Monday, May 14, 2012
I don't have a lot to say about Chris Nolan's FOLLOWING, so I'll make it brief. I hadn't seen it in a long time, so it was good to watch it again. I can't even remember how I reacted the first time I saw it. It might have been 10 years ago. Yikes.
I understand the "clever" dig at Nolan. I actually don't even know how to respond to it. Part of me thinks it's extremely perceptive and an apt criticism while another part of me thinks it sounds nitpicky. I guess I'd have to think about it more. He definitely does try to do "clever" in a way that will impress his audience and leave them feeling like they've seen some ingenious spectacle (THE PRESTIGE being a very explicit example of this). I'm not sure how egregious this is. I guess it depends on how impressive the spectacle is. When you work with sleight-of-hand, the more disguised the trick, the more impressive it is. MEMENTO to me is a good trick for remaining so mysterious; INCEPTION, on the other hand, (though impressive at times) gives itself up to0 easily.
Anyway, enough about later Nolan, let's talk FOLLOWING. This baby came out in 1998, and watching it again, I definitely get the sense that it was a good first film to make because it's the sort of thing that gets you noticed. I'm assuming a lot of the conspicuous "cleverness" you found in FOLLOWING is mostly in the form of its nonlinear structure. Post-PULP FICTION, wasn't this all the craze for indie filmmakers in the 90s? I'm sure Nolan toyed around with the structure because really it's the best way to add a more attention-grabbing dimension to what is just a straightforward neo-noir story. To us, now, this non-linear structure seems like serious old news, but back then it was probably the only way to get anyone talking. Not necessarily defending its use, just trying to reflect on why it's there.
My primary interest in FOLLOWING isn't its structure, but in it's mix of 80s Brian De Palma neo-noir and actual 40s noir. It's loaded with old noir tropes and classic genre set-ups. I suspect that its non-structural cleverness (in terms of its final "gotcha" twist) is just a product of its noir adherence. Film noir and neo-noir is brimming with double crosses, backstabbings, and the sort of twists and turns that FOLLOWING revels in. To say that Nolan is trying to be uniquely clever with his twists would be to overlook the fact that he is working very closely within a genre here and exploiting its patterns. This is more quintessential noir than it is quintessential Nolan.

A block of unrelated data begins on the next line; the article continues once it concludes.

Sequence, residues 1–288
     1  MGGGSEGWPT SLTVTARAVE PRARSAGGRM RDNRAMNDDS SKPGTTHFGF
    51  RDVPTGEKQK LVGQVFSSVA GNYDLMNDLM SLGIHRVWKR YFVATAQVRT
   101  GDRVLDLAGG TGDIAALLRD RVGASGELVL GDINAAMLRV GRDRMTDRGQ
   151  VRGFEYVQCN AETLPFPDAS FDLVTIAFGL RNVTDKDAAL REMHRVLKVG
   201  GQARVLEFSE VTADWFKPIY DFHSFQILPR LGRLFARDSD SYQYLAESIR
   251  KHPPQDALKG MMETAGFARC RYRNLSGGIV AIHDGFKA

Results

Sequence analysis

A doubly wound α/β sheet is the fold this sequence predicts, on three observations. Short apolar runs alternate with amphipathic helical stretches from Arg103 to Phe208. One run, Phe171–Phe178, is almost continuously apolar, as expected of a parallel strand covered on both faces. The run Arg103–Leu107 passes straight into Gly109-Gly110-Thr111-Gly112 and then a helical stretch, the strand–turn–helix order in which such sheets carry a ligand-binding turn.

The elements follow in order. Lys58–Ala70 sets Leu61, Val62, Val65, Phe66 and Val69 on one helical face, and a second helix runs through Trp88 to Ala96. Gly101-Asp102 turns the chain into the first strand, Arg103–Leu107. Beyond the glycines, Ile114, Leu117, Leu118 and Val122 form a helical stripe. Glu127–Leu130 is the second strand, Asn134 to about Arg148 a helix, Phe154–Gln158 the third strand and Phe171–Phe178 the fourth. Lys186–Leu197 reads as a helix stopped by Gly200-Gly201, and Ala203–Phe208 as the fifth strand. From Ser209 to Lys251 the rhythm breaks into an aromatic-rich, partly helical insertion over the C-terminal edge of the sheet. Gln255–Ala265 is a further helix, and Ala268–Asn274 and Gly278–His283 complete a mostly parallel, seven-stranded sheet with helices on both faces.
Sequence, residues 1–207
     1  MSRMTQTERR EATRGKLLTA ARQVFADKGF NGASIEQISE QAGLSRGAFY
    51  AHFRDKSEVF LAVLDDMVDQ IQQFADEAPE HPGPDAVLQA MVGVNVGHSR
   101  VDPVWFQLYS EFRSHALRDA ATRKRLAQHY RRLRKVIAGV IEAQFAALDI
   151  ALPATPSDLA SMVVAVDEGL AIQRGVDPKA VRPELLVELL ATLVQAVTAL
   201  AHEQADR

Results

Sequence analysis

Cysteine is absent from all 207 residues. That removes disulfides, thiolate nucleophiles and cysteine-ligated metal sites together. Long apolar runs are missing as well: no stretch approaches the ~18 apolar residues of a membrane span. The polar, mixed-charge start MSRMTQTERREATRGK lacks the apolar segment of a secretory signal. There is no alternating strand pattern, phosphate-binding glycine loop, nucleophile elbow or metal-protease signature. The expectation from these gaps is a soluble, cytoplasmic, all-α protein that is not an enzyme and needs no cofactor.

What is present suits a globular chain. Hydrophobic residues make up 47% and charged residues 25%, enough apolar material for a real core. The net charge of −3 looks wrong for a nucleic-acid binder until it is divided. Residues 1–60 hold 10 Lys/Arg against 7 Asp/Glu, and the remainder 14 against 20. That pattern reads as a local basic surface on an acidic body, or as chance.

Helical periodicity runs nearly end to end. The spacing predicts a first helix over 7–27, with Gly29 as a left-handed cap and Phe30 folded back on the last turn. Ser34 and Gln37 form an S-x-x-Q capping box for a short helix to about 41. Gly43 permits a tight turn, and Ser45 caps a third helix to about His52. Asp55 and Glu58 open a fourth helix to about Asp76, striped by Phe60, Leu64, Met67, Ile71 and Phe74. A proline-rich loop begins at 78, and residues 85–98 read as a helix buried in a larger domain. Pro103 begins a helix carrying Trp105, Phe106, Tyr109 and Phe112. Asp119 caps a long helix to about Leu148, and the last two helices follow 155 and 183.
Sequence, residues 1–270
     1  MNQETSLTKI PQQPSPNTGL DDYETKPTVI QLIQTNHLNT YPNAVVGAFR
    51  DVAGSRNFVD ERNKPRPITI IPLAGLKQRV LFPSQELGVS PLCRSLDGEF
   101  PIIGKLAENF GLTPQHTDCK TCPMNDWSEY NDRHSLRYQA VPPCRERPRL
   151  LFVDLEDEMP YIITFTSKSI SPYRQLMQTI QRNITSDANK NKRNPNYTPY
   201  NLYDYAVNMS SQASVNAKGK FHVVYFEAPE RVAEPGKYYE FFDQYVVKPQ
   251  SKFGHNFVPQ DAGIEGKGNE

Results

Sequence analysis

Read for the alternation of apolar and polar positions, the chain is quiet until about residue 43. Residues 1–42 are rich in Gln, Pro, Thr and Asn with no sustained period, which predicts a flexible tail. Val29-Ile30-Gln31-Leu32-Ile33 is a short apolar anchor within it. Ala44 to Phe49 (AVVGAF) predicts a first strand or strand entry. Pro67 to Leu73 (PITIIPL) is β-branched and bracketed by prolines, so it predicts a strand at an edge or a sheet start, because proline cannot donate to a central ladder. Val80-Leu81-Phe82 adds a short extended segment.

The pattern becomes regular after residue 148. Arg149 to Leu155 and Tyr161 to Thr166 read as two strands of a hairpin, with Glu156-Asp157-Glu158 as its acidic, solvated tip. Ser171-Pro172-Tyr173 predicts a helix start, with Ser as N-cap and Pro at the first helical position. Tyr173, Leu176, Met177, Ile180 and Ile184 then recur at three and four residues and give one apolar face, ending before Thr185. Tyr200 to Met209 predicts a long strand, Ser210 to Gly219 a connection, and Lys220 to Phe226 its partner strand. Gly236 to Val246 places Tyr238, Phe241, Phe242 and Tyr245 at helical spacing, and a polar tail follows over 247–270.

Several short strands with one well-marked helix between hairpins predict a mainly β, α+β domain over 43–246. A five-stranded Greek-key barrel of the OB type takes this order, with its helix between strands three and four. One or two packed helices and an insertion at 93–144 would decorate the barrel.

Anyway, I like FOLLOWING well enough, though I'm not a huge fan. It's serviceable and efficient, but it doesn't quite carry the knock-out punch it might think it does. It's ultimately more neat than astonishing. It's a nice warm-up card trick before a big show.
Good to have you back Brandon! Glad Cleveland was a success. We missed you Saturday night for Alex's birthday, but I'm sure you were getting wild in your own right.
I love talking about old movies you with. It helps me to think about them in a way I likely never would have. Let's keep it up as long as we can even if it's just us.
I love movies too much to ever stop blogging now. And I'm grateful to have met friends who love them just as much as me. I'll vow to keep it going as long as I possibly can.
I don't mind HOSTEL PART II's filthiness. It had better be immoral and depraved with such a premise. However, I do mind its overall airheadedness. It just felt wickedly idiotic independent of all its trashiness, and I didn't even watch the whole thing. It completely drowns in its formula instead of even remotely transcending it–something that comes across even more conspicuously than in its predecessor. Unlike the HOSTEL films, I'd say that CABIN FEVER dabbles with formula, but it ultimately feels refreshing–like a nice, cool glass of lemonade :). I don't doubt that Roth has talent as a horror director, I just wish he would use it more.
I understand your iffiness on Faulkner. I know more people who hate him than even tolerate him. To me, as someone who is interested in writing, he's a genius. He's the best wordsmith in the English language since Shakespeare, and the greatest sentence writer in the history of the written word. Again, that's just me, so no one get too upset. And, apart from his technique which is astonishing, the dude could traverse the human soul like no other. His poetry rattles me to the core. I haven't met too many Faulkner fans (certainly haven't met someone who loves him like I do), and I'm glad of it. Most of them are probably pricks. I too lament the shallow assembly line tastes for art in college kids. I think that's why I hated college so much. You either have kids who just came off the TOSH.O assembly line or kids that just came of the Michel Foucault one. NOTHING IN BETWEEN!
I don't think I've had a dream like ANDREI RUBLEV either. But I've had some weird ones like MIRROR. I think that is the more apt "dream" movie. haha I think I mostly have actual BOY MEETS WORLD dreams. Just me and Shawn hanging out at Chubbies.
The pre-'36 years are great too. I don't want to give the impression that they are somehow wildly inferior. I just really, really love from 36' onward.
"I think I prefer my realism to be diluted with a little dash of sensationalism." Me too!
"I think I can safely say, without any hyperbole, that GAME OF THRONES is the greatest thing in the history of time" - John Owen's impression of what I said about GOT.
What I actually said was that it is my FAVORITE thing on TV at the moment. Doesn't mean it's the greatest or better than anything else. I just would rather watch it than anything else, except maybe DOUG.